A fundamental component of the Dodd-Frank Act is to require central clearing of standard swaps in order to decrease systemic risk. Pursuant to Section 2(h) of the Commodity Exchange Act, the Commodity Futures Trading Commission (“CFTC”) may determine that a group, category, type, or class of swap must be centrally cleared by a derivatives clearing organization (“DCO”). The CFTC may then exercise its discretion in applying a compliance schedule in connection with a particular clearing requirement determination. To date, the CFTC has issued such a determination only with respect to certain classes of interest rate swaps and credit default swaps. Pursuant to the relevant compliance schedule for this determination, subject swaps that are entered into between “financial entities” and swap dealers generally are required to be cleared beginning June 10, 2013.
Special purpose entity (“SPE”) issuers in securitizations often enter into interest rate swaps in connection with the securitizations. Most of these SPEs qualify as “financial entities,” which is generally defined to include, among others, commodity pools, “private funds,” as defined in section 202(a) of the Investment Advisers Act of 1940, and persons predominantly engaged in activities that are in the business of banking, or in activities that are financial in nature, as defined in section 4(k) of the Bank Holding Company Act of 1956. Industry group members and market participants have repeatedly requested an exemption or, at least, explicit interpretive guidance from the CFTC in connection with the applicability of the existing clearing mandate to securitization SPEs. So far, no such exemption or guidance has been provided.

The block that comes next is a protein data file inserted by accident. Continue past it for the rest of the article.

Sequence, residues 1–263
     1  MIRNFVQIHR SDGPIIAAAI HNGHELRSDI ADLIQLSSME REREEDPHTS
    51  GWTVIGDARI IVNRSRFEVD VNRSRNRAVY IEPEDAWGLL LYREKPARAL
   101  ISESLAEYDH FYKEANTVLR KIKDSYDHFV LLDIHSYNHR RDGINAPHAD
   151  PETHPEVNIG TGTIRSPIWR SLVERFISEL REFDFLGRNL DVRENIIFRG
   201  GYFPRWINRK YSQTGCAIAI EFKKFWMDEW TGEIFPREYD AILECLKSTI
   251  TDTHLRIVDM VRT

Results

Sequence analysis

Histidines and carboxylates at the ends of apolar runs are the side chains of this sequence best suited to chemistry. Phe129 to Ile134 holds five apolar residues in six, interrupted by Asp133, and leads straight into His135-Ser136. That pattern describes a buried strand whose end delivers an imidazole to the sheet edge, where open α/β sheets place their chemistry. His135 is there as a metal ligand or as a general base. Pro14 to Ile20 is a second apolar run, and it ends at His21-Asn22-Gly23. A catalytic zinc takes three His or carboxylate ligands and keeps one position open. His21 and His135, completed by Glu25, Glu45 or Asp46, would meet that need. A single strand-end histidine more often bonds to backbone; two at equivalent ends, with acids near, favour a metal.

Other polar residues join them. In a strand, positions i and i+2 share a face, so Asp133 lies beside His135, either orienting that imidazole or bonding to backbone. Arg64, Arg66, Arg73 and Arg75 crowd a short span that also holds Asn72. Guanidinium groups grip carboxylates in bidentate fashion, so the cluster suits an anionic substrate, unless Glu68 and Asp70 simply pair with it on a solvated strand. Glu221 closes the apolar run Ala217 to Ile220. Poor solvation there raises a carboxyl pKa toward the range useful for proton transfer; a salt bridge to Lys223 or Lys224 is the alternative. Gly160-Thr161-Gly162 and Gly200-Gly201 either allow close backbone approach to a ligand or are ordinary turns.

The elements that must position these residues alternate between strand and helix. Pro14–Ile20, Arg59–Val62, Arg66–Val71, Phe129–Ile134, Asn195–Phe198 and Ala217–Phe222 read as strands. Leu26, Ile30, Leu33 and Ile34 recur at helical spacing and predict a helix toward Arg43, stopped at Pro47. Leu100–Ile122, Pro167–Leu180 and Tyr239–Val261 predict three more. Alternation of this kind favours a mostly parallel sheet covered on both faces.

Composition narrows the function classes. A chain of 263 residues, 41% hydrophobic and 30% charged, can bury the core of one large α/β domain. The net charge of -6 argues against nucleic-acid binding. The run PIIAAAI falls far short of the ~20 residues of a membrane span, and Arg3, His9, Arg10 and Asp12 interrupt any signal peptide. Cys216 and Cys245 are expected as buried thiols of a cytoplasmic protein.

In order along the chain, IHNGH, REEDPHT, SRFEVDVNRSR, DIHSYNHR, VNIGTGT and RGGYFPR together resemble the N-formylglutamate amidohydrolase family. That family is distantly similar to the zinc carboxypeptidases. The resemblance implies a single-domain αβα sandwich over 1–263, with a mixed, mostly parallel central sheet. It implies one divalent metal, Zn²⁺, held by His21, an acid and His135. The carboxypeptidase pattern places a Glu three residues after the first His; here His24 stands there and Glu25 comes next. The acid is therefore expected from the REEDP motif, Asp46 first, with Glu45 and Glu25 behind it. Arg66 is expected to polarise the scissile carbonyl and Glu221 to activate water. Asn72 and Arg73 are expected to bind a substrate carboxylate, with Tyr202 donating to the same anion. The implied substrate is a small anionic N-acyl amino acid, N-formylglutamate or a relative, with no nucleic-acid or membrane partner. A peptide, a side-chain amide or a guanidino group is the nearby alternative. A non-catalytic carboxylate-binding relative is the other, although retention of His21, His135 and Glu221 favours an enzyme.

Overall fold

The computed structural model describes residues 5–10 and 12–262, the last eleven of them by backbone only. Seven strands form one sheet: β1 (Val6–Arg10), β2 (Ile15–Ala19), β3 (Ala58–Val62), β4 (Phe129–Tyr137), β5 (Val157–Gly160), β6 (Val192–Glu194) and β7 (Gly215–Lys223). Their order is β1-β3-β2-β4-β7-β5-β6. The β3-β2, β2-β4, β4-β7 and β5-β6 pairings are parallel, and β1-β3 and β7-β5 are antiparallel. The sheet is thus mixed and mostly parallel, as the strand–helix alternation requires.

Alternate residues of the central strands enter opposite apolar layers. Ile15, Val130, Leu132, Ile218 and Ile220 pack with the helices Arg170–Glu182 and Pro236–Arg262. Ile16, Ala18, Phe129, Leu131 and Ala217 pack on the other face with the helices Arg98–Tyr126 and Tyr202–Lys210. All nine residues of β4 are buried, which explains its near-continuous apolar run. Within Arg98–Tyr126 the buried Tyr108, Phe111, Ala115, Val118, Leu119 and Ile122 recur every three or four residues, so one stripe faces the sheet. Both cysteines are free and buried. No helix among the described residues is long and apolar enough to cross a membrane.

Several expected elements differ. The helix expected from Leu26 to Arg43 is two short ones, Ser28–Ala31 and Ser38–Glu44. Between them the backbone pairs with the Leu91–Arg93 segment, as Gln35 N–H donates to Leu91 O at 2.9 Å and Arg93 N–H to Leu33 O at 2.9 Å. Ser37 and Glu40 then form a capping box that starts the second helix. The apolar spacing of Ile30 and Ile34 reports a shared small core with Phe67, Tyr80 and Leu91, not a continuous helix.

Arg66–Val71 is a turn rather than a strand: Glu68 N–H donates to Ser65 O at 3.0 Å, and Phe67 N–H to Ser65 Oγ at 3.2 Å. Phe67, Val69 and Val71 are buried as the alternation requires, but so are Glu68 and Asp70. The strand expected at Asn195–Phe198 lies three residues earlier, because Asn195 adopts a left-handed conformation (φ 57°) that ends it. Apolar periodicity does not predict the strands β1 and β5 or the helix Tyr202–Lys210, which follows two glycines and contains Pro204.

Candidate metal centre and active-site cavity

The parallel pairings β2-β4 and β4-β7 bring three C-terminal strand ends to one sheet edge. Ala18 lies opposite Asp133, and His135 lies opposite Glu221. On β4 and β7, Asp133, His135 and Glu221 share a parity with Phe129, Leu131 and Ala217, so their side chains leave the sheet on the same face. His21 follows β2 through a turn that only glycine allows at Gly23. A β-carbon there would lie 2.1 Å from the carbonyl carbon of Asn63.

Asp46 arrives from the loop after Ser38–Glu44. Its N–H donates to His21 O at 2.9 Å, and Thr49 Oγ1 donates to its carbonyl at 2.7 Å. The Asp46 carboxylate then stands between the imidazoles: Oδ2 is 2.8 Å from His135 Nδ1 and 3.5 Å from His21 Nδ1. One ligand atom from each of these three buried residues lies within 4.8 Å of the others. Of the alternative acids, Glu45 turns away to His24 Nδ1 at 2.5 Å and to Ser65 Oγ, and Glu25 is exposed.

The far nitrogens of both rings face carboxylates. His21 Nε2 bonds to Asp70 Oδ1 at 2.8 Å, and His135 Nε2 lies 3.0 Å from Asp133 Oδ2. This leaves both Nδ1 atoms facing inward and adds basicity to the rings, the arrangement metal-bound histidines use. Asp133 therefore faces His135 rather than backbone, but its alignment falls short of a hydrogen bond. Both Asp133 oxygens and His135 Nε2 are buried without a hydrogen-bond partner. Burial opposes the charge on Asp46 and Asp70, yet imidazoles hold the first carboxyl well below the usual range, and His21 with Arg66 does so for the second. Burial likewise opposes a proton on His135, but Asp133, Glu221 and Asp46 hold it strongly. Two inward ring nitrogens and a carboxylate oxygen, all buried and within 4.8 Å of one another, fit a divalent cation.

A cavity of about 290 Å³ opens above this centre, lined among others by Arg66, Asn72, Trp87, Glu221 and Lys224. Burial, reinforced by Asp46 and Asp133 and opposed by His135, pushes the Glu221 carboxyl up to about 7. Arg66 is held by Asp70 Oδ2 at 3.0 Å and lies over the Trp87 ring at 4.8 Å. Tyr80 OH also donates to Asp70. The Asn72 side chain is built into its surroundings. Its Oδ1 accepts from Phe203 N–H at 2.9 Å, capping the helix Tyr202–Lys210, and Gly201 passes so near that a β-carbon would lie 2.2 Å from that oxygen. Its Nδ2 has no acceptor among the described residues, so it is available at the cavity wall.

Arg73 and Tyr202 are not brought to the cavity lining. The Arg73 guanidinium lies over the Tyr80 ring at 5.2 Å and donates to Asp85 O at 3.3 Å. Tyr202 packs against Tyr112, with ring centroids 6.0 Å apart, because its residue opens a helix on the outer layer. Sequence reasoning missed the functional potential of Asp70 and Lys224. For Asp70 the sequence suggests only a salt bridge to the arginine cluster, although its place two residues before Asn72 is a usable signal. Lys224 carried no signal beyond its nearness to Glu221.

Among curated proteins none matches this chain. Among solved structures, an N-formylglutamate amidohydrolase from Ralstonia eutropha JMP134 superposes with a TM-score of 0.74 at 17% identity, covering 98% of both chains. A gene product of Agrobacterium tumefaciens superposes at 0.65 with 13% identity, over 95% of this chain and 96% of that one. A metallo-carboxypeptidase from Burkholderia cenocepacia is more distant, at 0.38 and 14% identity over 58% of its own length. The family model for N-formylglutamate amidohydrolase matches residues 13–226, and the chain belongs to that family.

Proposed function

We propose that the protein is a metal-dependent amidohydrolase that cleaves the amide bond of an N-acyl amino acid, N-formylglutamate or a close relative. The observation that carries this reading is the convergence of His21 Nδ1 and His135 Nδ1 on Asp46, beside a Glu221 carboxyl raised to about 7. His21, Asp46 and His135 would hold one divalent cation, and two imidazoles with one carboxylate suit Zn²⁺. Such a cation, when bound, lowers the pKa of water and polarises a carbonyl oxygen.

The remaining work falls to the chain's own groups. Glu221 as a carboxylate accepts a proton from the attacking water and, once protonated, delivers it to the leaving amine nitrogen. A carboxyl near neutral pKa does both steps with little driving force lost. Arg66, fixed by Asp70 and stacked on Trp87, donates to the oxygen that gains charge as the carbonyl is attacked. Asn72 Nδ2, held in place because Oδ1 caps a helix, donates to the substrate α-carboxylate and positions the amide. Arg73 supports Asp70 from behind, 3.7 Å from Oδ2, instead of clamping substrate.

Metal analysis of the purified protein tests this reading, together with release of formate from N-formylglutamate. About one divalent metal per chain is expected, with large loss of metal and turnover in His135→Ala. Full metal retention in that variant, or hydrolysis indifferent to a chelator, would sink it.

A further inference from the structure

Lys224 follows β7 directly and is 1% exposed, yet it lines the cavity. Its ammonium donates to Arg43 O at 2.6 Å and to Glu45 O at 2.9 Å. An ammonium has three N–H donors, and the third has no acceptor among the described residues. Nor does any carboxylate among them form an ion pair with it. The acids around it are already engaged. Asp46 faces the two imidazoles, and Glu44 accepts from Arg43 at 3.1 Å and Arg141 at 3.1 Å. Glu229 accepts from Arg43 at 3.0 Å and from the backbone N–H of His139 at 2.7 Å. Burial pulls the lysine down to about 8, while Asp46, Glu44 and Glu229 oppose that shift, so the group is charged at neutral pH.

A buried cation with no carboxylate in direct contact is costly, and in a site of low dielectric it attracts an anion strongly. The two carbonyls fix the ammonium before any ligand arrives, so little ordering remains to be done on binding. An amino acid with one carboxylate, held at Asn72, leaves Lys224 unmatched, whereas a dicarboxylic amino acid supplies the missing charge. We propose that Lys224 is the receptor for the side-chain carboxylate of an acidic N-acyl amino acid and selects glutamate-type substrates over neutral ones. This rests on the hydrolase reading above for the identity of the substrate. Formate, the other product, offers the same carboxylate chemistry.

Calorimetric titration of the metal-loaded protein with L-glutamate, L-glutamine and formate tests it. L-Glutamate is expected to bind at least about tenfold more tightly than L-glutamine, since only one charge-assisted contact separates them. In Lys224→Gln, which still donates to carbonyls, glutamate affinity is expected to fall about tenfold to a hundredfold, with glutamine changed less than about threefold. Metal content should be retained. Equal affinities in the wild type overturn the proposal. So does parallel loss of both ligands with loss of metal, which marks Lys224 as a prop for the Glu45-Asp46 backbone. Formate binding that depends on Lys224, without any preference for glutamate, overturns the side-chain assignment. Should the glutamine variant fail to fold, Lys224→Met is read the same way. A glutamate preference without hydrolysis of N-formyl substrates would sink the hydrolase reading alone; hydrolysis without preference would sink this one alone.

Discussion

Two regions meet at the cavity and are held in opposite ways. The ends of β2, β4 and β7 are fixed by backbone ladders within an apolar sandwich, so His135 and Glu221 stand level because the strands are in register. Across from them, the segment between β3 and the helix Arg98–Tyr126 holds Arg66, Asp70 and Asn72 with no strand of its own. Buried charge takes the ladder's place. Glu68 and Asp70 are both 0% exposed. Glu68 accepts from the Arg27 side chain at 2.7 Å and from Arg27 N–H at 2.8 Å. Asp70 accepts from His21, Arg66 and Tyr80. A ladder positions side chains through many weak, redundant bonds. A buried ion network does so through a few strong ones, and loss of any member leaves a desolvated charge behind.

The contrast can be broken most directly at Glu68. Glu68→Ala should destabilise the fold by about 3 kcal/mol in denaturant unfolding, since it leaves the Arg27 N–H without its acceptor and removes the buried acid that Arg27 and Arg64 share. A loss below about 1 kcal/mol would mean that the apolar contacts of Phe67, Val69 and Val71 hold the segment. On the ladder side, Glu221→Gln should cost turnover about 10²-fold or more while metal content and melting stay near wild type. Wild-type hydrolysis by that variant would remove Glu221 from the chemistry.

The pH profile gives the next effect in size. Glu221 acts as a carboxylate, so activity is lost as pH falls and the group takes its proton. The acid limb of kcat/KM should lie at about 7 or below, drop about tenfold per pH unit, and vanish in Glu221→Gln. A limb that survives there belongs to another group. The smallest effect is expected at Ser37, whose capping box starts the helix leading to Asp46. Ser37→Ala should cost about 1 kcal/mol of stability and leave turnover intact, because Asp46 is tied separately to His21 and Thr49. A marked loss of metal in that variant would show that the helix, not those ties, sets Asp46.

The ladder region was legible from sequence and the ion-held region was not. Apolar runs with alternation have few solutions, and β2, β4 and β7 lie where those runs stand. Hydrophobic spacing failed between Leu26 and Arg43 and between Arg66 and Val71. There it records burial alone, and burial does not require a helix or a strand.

As a practical matter, the two clearinghouses able to accept interest rate swaps for clearing in the United States are currently not able to accept swaps having “limited recourse” language and “non-petition” covenants, which are typical characteristics of securitization swaps required by rating agencies to make the SPEs bankruptcy-remote. However, if in the future this is no longer the case, the securitization market may need to renew its efforts for clarity on mandatory clearing, and may need to seek a stay of the clearing requirement pursuant to CFTC Regulation 39.5.
 Clearing Requirement Determination Under Section 2(h) of the CEA, 77 Fed. Reg. 74,284 (Dec. 13, 2012).